Turning computers on and off

 

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Turning computers on and off

a close up of a power switch on a computer

What's coming up?

This activity will introduce you to the process of turning your computer or laptop on and off. It will also show you how you can:

  • lock your screen
  • restart your computer
  • log off from your user account.
Start activity

Turning the computer on

All computers and laptops have a power button that you press to turn them on, and they are often marked with the same symbol.

Look at your computer and see if you can find a button that looks like this.

Although the exact location varies, you will usually find it on the front of the computer case on a desktop computer, or at the top of the keyboard on a laptop.

a typical power switch for a computer or screen
an example of an Apple and a Windows start up animation

Waiting for the computer to start

When you switch on your computer, it will take some time before you can use it. This is because the computer needs time to start up.

During the start up process, there is usually a small animation, such as a spinning circle, on the screen. When the animation stops, you can start to use the computer.

If you have other devices attached to your computer, you may want to turn these on as well – for example, your monitor, printer and speakers.

The on/off button on your monitor and printer will look like the power button for the computer. However, depending on the design of the speakers, the on/off button on your speakers may be a dial that you turn.

three icons for speakers, printer or screen
a computer monitor showing a password message

Logging on

Once turned on, your computer will prompt you to enter your username and password if you have set this up.

This is known as logging on and, if you are using a computer that is shared with others, it's a good idea to have your own private username and password. This will allow you to save personal files and view information that is only relevant to you in a special, protected part of the computer that others cannot see without your username and password details.

an icon of a padlock

eSafety tip

For your computer password, think of one that doesn't include any personal information such as your name or date of birth.

If you could use a little help coming up with a new password that's easy for you to remember, but difficult for someone else to guess, we have some great tips in our Safe passwords course.

Locking the screen

From time to time, we all need a break. If you need to step away from the computer for a few moments, you can simply lock the screen. The computer stays powered on, but nobody will be able to see what you are working on while you are away.

To lock your screen, hold down the Ctrl, Alt and Delete keys all at the same time and click on the Lock option from the menu that appears. To unlock the screen, hold down the same keys and then enter your password.

This shortcut might be tricky to master, but it's worth practising!

a close up of the Ctrl, Alt and Delete keys on a keyboard
a close up of the log off menu option on a Windows computer

Logging off

You also have the option of logging off, where you sign out of the computer. This allows the computer to stay switched on, and also protects your privacy.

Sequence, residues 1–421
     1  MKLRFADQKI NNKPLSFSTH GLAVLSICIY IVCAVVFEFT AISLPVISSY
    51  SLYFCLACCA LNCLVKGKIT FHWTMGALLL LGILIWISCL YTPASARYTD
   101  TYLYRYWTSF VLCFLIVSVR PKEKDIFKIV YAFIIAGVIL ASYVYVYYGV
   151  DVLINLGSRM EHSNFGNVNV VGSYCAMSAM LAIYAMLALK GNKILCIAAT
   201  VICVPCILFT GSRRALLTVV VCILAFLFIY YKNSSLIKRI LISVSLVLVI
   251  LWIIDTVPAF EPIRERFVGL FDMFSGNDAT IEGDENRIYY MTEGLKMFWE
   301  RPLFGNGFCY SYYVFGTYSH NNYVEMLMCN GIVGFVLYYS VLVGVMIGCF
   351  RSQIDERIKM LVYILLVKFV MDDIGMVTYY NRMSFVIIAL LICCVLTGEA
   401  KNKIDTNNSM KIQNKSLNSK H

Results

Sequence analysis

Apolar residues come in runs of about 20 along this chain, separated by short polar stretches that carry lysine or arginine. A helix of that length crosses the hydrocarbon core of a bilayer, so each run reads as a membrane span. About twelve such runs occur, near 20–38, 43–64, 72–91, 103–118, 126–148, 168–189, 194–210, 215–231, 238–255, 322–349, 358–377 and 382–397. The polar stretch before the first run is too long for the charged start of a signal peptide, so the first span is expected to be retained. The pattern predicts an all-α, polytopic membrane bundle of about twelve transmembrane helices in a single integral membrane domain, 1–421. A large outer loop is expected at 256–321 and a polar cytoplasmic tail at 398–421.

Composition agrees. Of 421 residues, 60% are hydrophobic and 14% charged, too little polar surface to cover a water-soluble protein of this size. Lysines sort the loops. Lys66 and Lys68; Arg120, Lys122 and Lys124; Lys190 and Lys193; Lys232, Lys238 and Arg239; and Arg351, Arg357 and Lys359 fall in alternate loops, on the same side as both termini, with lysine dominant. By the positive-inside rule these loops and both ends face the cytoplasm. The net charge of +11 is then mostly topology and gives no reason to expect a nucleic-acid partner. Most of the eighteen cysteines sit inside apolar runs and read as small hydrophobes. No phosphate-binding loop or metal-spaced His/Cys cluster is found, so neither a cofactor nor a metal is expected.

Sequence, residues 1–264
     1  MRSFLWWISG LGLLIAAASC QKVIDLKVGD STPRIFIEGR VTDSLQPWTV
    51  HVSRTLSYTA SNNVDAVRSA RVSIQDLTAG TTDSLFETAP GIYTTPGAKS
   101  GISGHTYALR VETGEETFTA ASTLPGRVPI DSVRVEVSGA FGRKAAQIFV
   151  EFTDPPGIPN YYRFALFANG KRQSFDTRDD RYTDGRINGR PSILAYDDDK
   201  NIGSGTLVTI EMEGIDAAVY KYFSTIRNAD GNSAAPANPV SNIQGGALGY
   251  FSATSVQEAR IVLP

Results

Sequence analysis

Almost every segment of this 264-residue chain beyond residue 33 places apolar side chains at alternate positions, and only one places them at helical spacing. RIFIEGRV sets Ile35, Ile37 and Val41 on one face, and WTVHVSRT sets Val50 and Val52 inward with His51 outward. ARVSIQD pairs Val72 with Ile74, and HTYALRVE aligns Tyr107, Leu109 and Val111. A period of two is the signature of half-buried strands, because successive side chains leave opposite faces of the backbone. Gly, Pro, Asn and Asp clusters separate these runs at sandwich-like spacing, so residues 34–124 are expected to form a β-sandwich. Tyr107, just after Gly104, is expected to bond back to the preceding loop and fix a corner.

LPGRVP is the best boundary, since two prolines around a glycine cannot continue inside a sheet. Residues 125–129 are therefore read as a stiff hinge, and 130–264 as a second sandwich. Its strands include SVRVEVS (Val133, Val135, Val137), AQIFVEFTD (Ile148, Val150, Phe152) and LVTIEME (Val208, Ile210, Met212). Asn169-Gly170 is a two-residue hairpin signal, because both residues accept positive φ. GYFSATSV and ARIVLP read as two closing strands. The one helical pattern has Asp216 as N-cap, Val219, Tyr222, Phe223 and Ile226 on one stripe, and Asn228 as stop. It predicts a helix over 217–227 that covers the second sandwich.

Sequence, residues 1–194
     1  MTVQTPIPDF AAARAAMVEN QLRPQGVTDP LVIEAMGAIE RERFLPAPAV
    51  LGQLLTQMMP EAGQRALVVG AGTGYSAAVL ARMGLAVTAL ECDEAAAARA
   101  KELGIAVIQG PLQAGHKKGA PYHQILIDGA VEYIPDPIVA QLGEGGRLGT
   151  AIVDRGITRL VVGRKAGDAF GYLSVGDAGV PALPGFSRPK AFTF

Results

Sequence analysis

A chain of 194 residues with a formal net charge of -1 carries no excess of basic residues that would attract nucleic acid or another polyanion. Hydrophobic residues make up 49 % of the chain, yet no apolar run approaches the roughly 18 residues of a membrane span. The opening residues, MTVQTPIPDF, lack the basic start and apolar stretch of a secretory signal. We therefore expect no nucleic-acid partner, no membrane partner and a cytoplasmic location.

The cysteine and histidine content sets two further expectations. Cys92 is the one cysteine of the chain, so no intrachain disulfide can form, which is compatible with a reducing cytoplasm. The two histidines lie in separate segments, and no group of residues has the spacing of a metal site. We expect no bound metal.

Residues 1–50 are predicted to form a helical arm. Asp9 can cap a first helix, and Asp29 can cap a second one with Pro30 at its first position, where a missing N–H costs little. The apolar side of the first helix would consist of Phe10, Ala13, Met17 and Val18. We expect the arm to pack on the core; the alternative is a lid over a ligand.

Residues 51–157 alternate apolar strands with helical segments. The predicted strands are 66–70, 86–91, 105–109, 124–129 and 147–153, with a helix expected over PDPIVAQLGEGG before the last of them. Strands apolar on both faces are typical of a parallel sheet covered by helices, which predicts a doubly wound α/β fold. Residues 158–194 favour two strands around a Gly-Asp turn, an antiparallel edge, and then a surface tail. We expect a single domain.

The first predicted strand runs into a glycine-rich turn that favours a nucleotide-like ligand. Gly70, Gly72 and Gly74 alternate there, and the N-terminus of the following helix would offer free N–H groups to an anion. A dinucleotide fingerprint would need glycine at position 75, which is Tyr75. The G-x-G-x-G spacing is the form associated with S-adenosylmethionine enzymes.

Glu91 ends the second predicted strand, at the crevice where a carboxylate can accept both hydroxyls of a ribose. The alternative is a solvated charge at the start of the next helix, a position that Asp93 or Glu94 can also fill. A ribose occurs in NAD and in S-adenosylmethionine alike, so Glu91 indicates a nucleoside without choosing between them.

This is a good option if you're taking a longer break from your computer, particularly if you are sharing your computer with other people. It saves you from having to restart the computer all over again. When you get back to the computer you will need to log in again.

To log off, save your files and click on the Windows icon in the bottom-left of the screen and click on the Power icon, then click on Log off.

a close up of the Restart option on a Windows computer

Restarting your computer

From time to time, your computer might have important updates to its programs and security settings. This often requires you to restart the computer. To do this, click on the Windows icon in the bottom-left of screen and click on the Power icon.

A range of options will appear. From these options, click on Restart. Your computer will then cycle through a shut down and restart and may install updates along the way.

A restart might take just a few minutes or, if there are several major updates required, considerably longer, so it's best to go through the restart process relatively often to ensure your computer is kept up to date.

Turning the computer off

If you are finished working on the computer for the day, it's a good idea to switch it off. However, it is very important to shut down the computer properly before switching off power. Shutting down properly gives the computer time to safely close programs that are running in the background and protects your files and computer from damage.

Before shutting down, save anything you've been working on and close all of the open applications or programs. Then, click the Windows icon in the bottom-left of the screen and click on the Power icon. A range of options will appear. From this list, click on Shut down.

a close up of the power off symbol on a Windows computer

Well done!

You've completed the Turning computers on and off activity.

In this activity, we found that computers and laptops use the same type of power button symbol, that you have to wait for your computer to start up before you can use it, and you use the Windows button to turn your computer off.

In the next activity, Changing computer settings, you'll find out how you can personalise your computer to suit your preferences.

a close up of someone about to press the power button on a laptop